It’s time to bring passenger rail in the US into the 21st Century from the 19th Century. Should the Federal Government update its railroad labor laws and design requirements? Should subways and trolleys be under separate regulatory schemes than commuter trains? Should smaller, lighter vehicles be able to serve as commuter trains instead of the hulking masses we see today? Are our current regulations a major obstacle to better, cheaper, faster, more abundant rail transportation?

  2. #2
    Cyburbian safege's avatar
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    The Federal DOT does encourage public/private transportation ventures. This may be your best bet in finding that middle ground.

    http://www.dot.gov/affairs/dot0407.htm

    As an ordinary citizen, I am going to a local State government sub committee meeting, bring up public/private ventures in favor of my personal cause. I believe we are on different pages, but are in the same book. Good luck.

    http://skytraincorp.com/Product.htm
    Psychotics are consistently inconsistent. The essence of sanity is to be inconsistently inconsistent.
    -Larry Wall

  3. #3

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    I've seen both LRV accidents (train vs. car) and commuter rail (train running into another train at low speeds & commuter rail hitting vehicles at high speeds)... I'd be concerned about the possibility of light rail vehicles possibly colliding into regular trains. Unless you can ensure that this cannot occur, the difference in standards probably makes sense. There's a big difference between an LRV in a downtown area hitting a car at a fairly low speed and a loaded train slamming into a truck at a regular crosswalk, hence the reasons for desiging the vehicles to different standards.

    Note that not all commuter rail has to be "hulking"... RDCs are one such example of something smaller than a regular train that would be more along the line of what you'd want. Ditto for a lot of European vehicles.

  4. #4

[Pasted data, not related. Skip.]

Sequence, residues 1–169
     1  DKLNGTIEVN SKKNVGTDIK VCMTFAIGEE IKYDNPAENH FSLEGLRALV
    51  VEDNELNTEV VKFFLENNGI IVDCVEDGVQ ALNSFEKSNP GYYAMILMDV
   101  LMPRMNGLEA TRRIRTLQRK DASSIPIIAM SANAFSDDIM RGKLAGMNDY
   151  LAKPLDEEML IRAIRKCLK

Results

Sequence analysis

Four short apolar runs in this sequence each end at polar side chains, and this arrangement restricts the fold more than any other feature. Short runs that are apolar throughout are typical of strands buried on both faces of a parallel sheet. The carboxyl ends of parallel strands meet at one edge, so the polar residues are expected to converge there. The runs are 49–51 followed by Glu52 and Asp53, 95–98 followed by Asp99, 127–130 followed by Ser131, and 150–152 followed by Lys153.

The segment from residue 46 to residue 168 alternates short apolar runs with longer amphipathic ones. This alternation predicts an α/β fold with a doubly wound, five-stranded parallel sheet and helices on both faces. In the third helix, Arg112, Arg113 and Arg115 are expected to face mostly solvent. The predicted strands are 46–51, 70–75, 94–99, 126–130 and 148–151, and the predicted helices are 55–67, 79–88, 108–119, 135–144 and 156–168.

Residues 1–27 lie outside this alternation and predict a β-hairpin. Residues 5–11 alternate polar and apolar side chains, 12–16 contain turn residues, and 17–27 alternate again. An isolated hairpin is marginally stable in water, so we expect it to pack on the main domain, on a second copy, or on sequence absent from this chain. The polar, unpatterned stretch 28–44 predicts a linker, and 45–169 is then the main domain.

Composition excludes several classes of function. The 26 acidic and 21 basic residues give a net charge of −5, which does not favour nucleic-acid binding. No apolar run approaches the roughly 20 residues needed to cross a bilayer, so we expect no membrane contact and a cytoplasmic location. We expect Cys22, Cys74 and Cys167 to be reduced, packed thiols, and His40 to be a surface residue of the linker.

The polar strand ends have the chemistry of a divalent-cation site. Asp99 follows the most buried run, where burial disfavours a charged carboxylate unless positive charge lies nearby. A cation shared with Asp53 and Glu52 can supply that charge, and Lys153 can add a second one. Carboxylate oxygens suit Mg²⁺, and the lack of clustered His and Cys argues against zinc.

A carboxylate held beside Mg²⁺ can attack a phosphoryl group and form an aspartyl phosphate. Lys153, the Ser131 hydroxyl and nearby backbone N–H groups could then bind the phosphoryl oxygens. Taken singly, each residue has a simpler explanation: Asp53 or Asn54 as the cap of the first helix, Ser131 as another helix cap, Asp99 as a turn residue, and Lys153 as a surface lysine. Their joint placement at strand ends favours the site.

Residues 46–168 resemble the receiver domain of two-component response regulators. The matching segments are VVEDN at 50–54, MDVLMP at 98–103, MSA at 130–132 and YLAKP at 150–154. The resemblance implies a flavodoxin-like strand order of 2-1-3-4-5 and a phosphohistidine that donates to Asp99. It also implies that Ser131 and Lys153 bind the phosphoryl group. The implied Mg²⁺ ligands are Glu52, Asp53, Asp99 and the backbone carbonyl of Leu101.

Cyburbian
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    From local discussions one of the differernces between the heavier commuter rail trains and Light Rail is the amount and size of cars that can be pulled. The light rail (electric) engines have a reduced passanger capacity and are increasingly expensive to run between distant stations.

    As for the requirements of fare takers rather than an automated system, you have a good point that the regulations may need to be changed.

  5. #5
    Cyburbian jresta's avatar
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    There's still significant savings to me made, in terms of labor costs, on the RR.
    NJTransit started moving towards it years ago.

    There's no reason to not have TVMs on the platforms and penalize people for not using them (a la NJTransit). If everyone has a ticket before they board the conductor just walks the aisles checking tickets and the conductors wind up serving the same purpose as conductors on NYC Transit and PATH trains. They control the doors and make sure everyone has boarded/alighted safely.

    If you have a regional rail train with 2 cars or with 8 you still only need one conductor.

    Honestly, i would not feel at all comfortable in a trolley or even on a Riverline car, cruising the stretch of tracks between 30th St. and Bridesburg. Even on the trunk line between Market East and Fern Rock. I'd feel like i was in a Mini going down the truck lanes of the Turnpike.
    Indeed you can usually tell when the concepts of democracy and citizenship are weakening. There is an increase in the role of charity and in the worship of volunteerism. These represent the élite citizen's imitation of noblesse oblige; that is, of pretending to be aristocrats or oligarchs, as opposed to being citizens.